I wish I could hug her. I don’t have kids but I was in school during the Columbine era and something traumatic happened in my class. One kid in my class punched our subsitute teacher and I was very scared. I know it pales in comparison to being in a shooting but any violence witnessed or experienced in school is very damaging not only to kids but to parents.
    Yesterday, as always for the past dozen years was hard for me. I didn’t lose any loved ones that day but I feel like I lost a good bit of my innocence back then as an 8th grader. And I can only imagine how much innocence these children who survived lost.
    The fact that Nelba has so much faith and courage to send her son to the same school her little girl died in is enough to make me realize whatever stupid thing that happens during my day is nothing compared to what they deal with. I feel like I should print this and post it anonymously for anyone who feel so entitled to complain about traffic, lines at Starbucks and the gas station, or irritating co-workers. In the grand scheme of things, they take something out of your day but fortunately most of us get to wake up and start over again instead of getting such an abrupt fade to black.

  4. Christy

    Kudos to Nelba!! As a mom of 2 school age children, I know that on that day, I picked my kids up early and held them as close as I could.
    It’s a sad day when the place you send your children to learn and grow becomes a place of terror. I remember sitting with my children and explaining to them what had happened and why mommy was so sad. (As a cancer survivor, their first thought when I cry is that I’m sick again, so you can only imagine their panic when I showed up at school crying!)

    As a mom, Sandy Hook will forever have a place in my heart. This mom said so many things so eloquently that I am passing it along to the teachers and to other moms. I am impressed and amazed at the love that she lets shine through in her words. Also, when she talks about the boy who did this, she helps us to remember that he was a child at one time, and that no child should ever feel invisible.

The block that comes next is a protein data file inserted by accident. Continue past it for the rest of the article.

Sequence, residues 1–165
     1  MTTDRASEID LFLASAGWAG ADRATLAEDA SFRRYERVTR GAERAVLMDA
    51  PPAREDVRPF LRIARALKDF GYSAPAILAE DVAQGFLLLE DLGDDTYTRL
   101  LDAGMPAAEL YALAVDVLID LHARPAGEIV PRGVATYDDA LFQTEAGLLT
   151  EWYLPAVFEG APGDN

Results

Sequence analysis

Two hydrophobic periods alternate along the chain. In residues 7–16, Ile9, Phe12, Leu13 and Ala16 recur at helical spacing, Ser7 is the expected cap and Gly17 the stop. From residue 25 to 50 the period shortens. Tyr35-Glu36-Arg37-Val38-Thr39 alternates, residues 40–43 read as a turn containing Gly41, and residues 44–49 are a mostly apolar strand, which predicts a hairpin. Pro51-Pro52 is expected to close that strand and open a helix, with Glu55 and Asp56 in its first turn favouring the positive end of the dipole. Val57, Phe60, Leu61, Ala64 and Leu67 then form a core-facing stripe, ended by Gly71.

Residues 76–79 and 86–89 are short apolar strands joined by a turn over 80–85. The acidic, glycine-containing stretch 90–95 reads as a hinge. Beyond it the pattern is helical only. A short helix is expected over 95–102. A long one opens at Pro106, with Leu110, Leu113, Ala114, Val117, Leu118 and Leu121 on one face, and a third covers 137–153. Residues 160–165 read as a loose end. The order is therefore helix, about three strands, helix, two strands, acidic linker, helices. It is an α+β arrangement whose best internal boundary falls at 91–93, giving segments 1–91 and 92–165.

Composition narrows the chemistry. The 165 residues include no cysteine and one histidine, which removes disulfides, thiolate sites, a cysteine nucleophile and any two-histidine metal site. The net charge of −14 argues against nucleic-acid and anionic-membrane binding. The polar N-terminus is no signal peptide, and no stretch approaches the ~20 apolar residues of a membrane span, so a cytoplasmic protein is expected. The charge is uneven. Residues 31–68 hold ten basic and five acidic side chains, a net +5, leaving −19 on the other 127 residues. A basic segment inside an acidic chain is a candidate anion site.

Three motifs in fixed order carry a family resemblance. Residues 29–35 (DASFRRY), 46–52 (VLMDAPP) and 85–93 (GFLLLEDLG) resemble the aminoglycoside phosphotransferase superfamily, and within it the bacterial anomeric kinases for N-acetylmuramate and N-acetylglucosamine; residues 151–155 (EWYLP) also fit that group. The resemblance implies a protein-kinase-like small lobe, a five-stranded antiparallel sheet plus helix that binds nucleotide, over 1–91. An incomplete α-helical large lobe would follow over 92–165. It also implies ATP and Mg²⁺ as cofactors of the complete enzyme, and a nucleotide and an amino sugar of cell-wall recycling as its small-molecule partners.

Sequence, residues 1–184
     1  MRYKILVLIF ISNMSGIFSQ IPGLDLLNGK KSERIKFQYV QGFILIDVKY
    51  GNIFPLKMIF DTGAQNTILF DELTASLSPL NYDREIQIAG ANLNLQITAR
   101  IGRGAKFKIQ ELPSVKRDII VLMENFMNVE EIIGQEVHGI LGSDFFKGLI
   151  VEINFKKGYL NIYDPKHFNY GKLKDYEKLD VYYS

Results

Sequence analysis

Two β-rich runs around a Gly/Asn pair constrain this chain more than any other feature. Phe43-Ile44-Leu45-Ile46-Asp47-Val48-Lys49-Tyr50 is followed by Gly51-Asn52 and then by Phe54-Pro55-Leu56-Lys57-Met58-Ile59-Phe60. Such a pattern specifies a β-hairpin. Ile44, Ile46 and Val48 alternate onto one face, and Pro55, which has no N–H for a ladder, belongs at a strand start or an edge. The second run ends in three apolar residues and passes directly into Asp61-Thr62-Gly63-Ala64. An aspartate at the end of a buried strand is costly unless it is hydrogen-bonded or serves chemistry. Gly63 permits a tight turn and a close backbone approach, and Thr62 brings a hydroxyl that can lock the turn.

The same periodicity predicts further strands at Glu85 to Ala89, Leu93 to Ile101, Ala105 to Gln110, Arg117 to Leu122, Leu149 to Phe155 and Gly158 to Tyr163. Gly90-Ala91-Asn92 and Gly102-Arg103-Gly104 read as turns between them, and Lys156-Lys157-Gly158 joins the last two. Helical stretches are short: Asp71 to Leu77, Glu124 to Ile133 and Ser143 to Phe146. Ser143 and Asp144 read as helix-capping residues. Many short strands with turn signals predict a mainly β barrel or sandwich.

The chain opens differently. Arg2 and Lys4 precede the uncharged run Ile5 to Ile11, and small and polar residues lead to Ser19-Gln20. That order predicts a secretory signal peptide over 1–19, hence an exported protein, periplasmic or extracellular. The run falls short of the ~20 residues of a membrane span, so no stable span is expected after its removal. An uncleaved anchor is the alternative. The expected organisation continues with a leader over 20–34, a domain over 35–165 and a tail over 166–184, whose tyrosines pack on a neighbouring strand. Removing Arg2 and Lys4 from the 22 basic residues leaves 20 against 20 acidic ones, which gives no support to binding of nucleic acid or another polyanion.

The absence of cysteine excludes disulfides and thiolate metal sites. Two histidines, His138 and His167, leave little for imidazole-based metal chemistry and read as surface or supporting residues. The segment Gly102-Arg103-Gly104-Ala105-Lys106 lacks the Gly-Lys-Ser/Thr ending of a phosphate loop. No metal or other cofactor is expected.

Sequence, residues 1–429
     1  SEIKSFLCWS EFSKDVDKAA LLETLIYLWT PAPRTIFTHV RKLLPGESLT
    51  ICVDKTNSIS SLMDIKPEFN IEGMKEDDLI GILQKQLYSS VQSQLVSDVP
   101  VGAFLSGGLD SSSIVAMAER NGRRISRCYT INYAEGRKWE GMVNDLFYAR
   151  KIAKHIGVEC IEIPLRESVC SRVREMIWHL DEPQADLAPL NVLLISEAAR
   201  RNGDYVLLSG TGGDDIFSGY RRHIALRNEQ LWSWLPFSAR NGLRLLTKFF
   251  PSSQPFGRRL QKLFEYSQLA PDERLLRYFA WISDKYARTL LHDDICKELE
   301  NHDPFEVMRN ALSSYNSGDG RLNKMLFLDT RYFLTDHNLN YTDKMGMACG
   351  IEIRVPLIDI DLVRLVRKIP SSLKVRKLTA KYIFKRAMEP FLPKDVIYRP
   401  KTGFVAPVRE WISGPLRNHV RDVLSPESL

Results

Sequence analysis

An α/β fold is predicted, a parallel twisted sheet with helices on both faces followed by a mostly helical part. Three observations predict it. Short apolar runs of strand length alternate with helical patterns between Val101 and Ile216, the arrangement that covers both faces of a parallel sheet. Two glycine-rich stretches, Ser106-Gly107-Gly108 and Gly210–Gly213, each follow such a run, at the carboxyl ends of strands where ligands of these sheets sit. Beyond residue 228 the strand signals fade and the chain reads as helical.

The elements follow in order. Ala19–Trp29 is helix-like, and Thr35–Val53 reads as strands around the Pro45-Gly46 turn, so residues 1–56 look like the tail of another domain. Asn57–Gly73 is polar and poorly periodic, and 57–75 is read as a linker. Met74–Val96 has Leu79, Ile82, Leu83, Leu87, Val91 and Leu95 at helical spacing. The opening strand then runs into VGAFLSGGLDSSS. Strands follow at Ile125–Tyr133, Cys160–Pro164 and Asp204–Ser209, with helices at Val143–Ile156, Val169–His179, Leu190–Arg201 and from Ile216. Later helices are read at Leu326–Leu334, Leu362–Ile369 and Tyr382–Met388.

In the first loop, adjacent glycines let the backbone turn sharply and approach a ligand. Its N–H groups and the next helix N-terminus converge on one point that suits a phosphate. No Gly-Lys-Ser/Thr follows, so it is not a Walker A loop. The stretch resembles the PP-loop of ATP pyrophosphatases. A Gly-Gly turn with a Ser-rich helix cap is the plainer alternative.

I only hope that I can encourage my kids to live life to the fullest and not let anyone ever “suck their fun circuits dry”.
    After work tonight we are having family fun night, no matter how tired I am or how stressed I am by my job I need to remember to live every day to the fullest, to have fun, to hug my kids and to tell those that I love that I love them!

  5. OG Emily

    Between sobs and blowing my nose, I must be that grammar police for the teachers out there … Shannon, you need an “e” in heroes right before the jump.
    This mother … Her caramel princess, fun circuits … Perspective, now I have it.
    Has anyone here watched The Wire? Season 4 focuses all about the schools in Baltimore and how they’re operating on a deficit. To see the struggles of the teachers and principals among budget cuts, neglected children, extreme poverty and trying to inspire kids when it seems impossible. I know it’s just a show, but it’s still accurate and depressing. I have such respect for teachers and wish they had all the money they needed to buy supplies, hire staff, improve infrastructure … Educators truly are the heroes.

  6. Newb

    While I didn’t know the Greene’s personally, a very good friend of mine did, while they lived here in Winnipeg, and I can tell you that the Greene’s are a remarkable family. My heart breaks for all the Newtown parents who are forced to send their surviving children back into the warzone. Or worse, NOT have a child to send back. No words can describe the heartbreak these people must be feeling. But for Nelba Marquez-Greene to be able to write a letter like this shows incredible grace. God bless all the Newtown families at this difficult time of year.